The following people have contributed to the production of this aid, both at the California Department of Food and Agriculture and the United States Department of Agriculture: Doug Barbe, Tad Bell, Naomi Britt, Jackie Chesi, Nick Condos, Suki Diaz, Jim Effenberger, Jeff Hillard, Sharon Ishikawa, Asif Maan, Dave Nelson, Ralph Percious, Sharlene Schaffer, Janamjeet Sohal, Trena Toney, Timothy Torbett, Steve Travis, Richard Wion, and the Plant Protection Officers of Los Angeles and San Francisco International Airports. The photographs in this aid are credited to Vince Arellano and Laurie Smith.
As the growing demand for foreign or "exotic" agricultural commodities increases the risk of introducing unwanted pests, it concomitantly requires agricultural inspectors to make regulatory decisions on items not commonly seen in North America.
Thus, this pictorial index was created as an aid to assist inspectors with the identification of commodities not normally encountered in California. We stress the word "aid," as final determinations should be made by a qualified plant biologist or botanist.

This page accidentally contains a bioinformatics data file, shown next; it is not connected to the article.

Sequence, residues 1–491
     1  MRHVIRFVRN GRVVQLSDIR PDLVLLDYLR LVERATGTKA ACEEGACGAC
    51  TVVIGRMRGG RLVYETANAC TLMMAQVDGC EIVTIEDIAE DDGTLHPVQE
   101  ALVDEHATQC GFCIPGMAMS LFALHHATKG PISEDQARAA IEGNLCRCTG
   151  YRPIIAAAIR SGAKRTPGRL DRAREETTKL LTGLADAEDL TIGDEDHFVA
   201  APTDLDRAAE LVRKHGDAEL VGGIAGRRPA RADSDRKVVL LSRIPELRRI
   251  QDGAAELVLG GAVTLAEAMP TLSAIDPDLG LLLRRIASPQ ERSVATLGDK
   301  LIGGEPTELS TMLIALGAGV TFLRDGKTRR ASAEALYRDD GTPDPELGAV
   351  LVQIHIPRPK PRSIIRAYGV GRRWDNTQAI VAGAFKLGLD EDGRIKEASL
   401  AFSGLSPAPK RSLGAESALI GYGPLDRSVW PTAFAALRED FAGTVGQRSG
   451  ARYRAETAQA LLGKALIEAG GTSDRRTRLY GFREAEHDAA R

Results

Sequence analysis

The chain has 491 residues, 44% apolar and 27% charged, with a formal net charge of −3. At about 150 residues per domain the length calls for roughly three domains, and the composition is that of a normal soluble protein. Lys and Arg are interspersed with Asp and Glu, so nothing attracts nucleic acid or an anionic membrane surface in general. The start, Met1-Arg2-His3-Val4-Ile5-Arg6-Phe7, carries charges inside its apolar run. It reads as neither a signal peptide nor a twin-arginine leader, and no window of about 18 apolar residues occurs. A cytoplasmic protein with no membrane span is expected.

Common names, scientific names, and descriptions were compiled from a list of references. Authorities cited to the scientific names were verified, where possible, through the United States Department of Agriculture's GRIN database. Descriptions are in the generic, as well as the pictures. Please be aware that varieties vary throughout the world. For example, there are hundreds of varieties of mangoes in the world; they vary in shape, size, and color. We have included a picture of a mango from Thailand. It might not look exactly like a mango from the Philippines. The same goes for eggplants, peppers, papayas, etc., from different sources and countries. We hope you get the picture (no pun intended). Origins, more appropriately common international origins, were compiled by personal interviews at California's international ports of entry.
We hope to periodically update this aid to include a range of commodities that may represent an increased risk of introducing new pests into California.